From ATO crackdowns and stock market ups and downs, to government red tape, super considerations and borrowing to invest, personal finances can be complex. Your financial adviser can add real value. They can offer you expert advice, tax and cash flow strategies, funding options, investment and wealth building strategies, and more! Having someone ask the right questions to help you get your priorities in order and take action can help a lot. It’s time to start viewing your financial adviser as an investment rather than a cost point.

9. You can’t have it all, and that’s okay

When it comes to having enough money to live a happy and satisfying life, unlimited wealth isn’t a realistic or necessary goal. By taking time to understand what’s important to you, you can make smarter choices about what you spend your money on and understand how to get the balance right between earning money, creating wealth and enjoying life on your terms.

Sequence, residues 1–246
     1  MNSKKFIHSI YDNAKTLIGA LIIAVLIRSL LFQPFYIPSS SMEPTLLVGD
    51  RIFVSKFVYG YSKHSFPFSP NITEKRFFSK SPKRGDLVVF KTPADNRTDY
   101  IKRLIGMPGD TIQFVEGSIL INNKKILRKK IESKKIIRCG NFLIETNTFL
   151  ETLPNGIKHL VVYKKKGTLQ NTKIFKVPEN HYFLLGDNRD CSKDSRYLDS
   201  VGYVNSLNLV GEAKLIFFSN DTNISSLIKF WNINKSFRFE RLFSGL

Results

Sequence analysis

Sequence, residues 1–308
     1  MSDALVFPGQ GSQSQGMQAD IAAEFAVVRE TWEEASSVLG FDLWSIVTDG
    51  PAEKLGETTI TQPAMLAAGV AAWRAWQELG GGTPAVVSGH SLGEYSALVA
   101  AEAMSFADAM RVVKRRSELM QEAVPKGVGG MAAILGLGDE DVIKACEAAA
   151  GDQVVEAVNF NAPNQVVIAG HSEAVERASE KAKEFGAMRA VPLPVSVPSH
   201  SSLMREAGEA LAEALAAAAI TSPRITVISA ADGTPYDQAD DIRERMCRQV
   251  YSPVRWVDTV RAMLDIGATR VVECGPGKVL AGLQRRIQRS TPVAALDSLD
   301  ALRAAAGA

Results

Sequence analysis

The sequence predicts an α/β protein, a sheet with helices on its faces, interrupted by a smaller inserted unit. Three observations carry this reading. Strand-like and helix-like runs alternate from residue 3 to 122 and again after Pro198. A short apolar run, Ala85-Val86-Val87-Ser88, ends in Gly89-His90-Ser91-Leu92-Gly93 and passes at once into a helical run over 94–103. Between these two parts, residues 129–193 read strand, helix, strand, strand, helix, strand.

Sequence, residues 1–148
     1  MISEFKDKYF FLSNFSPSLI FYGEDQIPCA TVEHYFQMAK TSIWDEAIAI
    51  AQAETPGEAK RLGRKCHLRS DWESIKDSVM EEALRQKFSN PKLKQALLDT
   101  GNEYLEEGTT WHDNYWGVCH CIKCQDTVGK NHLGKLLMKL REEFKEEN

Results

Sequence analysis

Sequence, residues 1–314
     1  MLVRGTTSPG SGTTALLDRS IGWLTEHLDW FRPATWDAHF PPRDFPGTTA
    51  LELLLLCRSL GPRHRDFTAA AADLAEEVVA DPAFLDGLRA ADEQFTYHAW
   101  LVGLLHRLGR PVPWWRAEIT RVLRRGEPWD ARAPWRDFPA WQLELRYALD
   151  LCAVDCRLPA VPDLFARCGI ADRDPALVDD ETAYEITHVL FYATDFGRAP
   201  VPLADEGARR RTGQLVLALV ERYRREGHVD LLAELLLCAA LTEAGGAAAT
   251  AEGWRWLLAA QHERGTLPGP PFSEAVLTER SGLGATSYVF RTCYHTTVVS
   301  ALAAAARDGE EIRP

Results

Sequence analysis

10. Think in decades, not years

Thinking about how far you’ve come in a decade can give you a real sense of what you might be able to achieve in the next ten years if you start taking steps towards those goals now. Taking a long term view puts things into perspective and helps you to ask the right questions to get your priorities in order and start taking action.


While every care has been taken in the preparation of this article, Soundbridge Pty Ltd (ABN 40 151 134 146) and AFTA Pty Ltd (ABN 18 624 984 550, AFSL 507423) makes no representations or warranties as to the accuracy or completeness of any statement in it including, without limitation, any forecasts.